They start matching engine(x=0) vs. pool of other engines and engine(x=200) vs. pool of other engines. And it takes tens of thousands or
hundreds of thousands iteration before they can even reach the current level (x=100) and only after that we can get some
improvement. Instead method described in here starts from that "very good" value and attempts to improve it slightly.

Variable selection.

Variable selection is extremely important. for example if you tune each piece-square table value separately, you are doomed the fail, because
changing only one value is going to change the strength of the program only very little. So in tuning we end up doing only random walk and
the strength of the program only goes slightly downhill.

But instead using ampli-bias knobs for tables proved to be very successfull approach for us. Each value for the table is adjusted using these two
knobs like: new_value = orig_value + var_bias + orig_value * var_amplitude / 100. (Here we optimize variables var_bias and var_amplitude).
Each chess engine is full of different kind of tables and if we can give even "a slight push" for each of these tables, it'll result in considerable increase in the end.

### Re: Stockfish's tuning method

Posted: Fri Oct 07, 2011 4:16 am
Thanks a lot.

### Re: Stockfish's tuning method

Posted: Fri Oct 07, 2011 6:28 am
Thank you very much for these insights.

I would be more than enlighted to read Remi Coulom comment on this, evaluating this approach from a scientific background and of cause drawing parallels to his own testing-tool.

### Re: Stockfish's tuning method

Posted: Fri Oct 07, 2011 7:43 am
Hi Joona,

Thanks for sharing. It seems like a good, practical, hill-climb optimization approach.

Cheers,

Steve

### Re: Stockfish's tuning method

Posted: Fri Oct 07, 2011 2:22 pm
Steve Maughan wrote:Hi Joona,

Thanks for sharing. It seems like a good, practical, hill-climb optimization approach.

Cheers,

Steve
It's very similar to what I have been doing using our cluster. It has some SERIOUS drawbacks however. Tuning one value at a time is perfectly workable, and the idea of a sort of "stepwise refinement using variable delta" works pretty well to zero in on the optimal values. Say piece values. But when you change more than one at a time, regardless of how you do it, problems arise. If one value dominates, you can likely get it "real close". But if you have two values that are very close in importance, random walks can take a LONG time to find optimal values. I found many values in Crafty that really didn't seem to have an "upper bound". But at some point, going larger doesn't do anything. Or going smaller. But add in several of these at once, and I am far from convinced the testing approach is any good at all, based on a ton of test games myself. If you can be certain that the two variables don't somehow cancel each other out when you tweak the values, you can make this work well. But I know of no methodology that will suggest this except testing, when the auto-tuning fails to work.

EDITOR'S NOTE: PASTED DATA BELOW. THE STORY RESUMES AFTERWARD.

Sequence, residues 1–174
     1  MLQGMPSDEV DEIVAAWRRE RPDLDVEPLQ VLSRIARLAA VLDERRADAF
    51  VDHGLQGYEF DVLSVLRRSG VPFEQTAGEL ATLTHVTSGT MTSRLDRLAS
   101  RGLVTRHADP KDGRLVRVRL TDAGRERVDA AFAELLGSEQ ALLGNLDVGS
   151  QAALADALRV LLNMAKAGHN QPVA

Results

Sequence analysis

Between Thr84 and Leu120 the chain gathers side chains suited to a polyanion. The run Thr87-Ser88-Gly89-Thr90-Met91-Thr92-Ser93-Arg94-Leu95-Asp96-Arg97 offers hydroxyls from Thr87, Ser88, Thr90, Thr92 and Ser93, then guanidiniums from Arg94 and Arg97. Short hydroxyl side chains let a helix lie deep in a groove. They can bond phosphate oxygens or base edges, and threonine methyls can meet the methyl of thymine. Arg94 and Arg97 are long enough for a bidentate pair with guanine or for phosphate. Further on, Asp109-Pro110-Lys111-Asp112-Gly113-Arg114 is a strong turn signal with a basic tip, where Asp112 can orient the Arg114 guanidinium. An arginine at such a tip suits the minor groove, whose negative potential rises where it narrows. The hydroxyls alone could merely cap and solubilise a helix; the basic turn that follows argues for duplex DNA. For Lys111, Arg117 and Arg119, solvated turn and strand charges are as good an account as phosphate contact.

We've taken the science of tuning a single value to a high-level. But tuning multiple values at the same time is beyond problematic, as it requires so many games, and so many iterations, you need really big hardware (and I DO NOT like self-testing here, that can really lead you astray). As an example, take tennis. You have a small weakness in your backhand. You have trouble running across the court to your backhand side, when your opponent hits the ball cross-court fairly close to the net. Do you REALLY want to tune your game so that you optimize your ability to hit the ball cross-court close to the net to your backhand side? You get eaten up by someone that is left-handed as you have learned to hit it to their "optimal spot". You get eaten up by someone that is right-handed but who can return that shot easily as it is their favorite. I dislike self-testing completely, you are learning to exploit your own weaknesses. Instead I want to test against several opponents so that I don't learn to exploit just one of their weaknesses, I learn to exploit something that works against them all pretty equally.